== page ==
Trevor Peterson


As a veteran who lives with PTSD, and has been involved with raising awareness surrounding mental health, I jumped at the chance to join KCPO when Chad invited me. For the last 7 years, Stand Up Paddleboarding (SUP) has been a huge part of my mental therapy. The rhythmic nature of paddling is my meditation, enabling me to ground and centre myself.

The last KCPO trip I joined allowed me to challenge uncomfortable situations, while affording me the opportunity to find the time to ground myself. Having been involved within the SUP community, I knew some of the participants - however, there where more unfamiliar faces than known. I have never been comfortable in crowds, and even now more so. As with any group trip, there was a large group paddling in the centre, and smaller groups extending to the front and rear.  It was within these fringe groups that I was more comfortable. I stayed near the front, which allowed me to feel useful by navigating around sandbars, and giving paddling tips. I was compensating my uncomfortable feelings by taking on a more professional role than participant. For a large part of the trip, if I wasn’t taking on this role, I felt unsure of where I fit in within the group dynamics.  I distanced myself from the group, feeling that I couldn’t relate to others because of the PTSD.

The final day of the trip was the tipping point for me. On the last day we were joined by a large group that could only contribute the one day. With the addition of this new group, I became completely unfocused, and the wheels were about to fall of the wagon. So as soon as we hit the water, I bolted. At first I charged ahead just to burn off the overwhelming feeling confronting me, only later falling into my meditative rhythm.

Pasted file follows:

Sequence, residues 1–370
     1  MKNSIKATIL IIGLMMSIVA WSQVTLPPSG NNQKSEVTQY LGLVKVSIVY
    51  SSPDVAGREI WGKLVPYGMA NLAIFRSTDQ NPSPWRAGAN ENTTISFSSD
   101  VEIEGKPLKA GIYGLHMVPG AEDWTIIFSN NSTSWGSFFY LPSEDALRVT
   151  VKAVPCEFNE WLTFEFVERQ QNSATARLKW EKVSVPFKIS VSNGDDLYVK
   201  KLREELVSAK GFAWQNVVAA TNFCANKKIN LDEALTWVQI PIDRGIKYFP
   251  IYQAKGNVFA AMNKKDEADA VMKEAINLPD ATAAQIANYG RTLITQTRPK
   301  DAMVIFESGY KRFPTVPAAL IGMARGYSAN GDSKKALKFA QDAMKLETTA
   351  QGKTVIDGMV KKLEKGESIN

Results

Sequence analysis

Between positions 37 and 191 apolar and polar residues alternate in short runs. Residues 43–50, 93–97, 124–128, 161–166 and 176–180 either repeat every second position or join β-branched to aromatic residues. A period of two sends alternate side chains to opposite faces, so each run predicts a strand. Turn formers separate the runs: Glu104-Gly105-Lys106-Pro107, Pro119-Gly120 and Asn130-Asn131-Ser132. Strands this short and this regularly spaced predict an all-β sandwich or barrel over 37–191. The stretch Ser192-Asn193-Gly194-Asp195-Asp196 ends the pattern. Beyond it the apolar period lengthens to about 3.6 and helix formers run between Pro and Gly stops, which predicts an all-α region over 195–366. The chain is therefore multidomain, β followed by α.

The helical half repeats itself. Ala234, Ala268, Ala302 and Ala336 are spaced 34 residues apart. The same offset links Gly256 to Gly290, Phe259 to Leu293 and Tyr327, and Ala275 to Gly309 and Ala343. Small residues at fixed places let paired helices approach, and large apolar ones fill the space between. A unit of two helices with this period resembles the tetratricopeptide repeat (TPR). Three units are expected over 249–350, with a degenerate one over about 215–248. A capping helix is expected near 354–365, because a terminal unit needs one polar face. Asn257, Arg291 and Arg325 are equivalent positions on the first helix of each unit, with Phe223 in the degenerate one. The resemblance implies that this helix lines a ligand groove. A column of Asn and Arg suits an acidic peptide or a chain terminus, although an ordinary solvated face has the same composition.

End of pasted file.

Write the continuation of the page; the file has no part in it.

That evening after everyone had separated, rested, and showered, the main group reunited for a dinner and gathering hosted at Drift Cafe. The food was amazing - I think I went three times just for the salad. After dinner, Chad brought us all us to the rooftop patio. He then proceeded to ask us about our experiences and thoughts on the trip. At first the stories where of the highlights, but than people started to open up about their feelings and emotions. Tears started flowing and then, amazingly, I was not the only person dealing with the same issues. All of a sudden, I fit in and could relate to people.. people I never realized I could relate to because of my past as a solider.

Later, we went downstairs for drinks. Everyone was laughing, hugging and chatting. The dynamics of the group had drastically changed. Everyone left much closer, and more connected then they had arrived. All thanks to Chad's dream of raising awareness for mental health.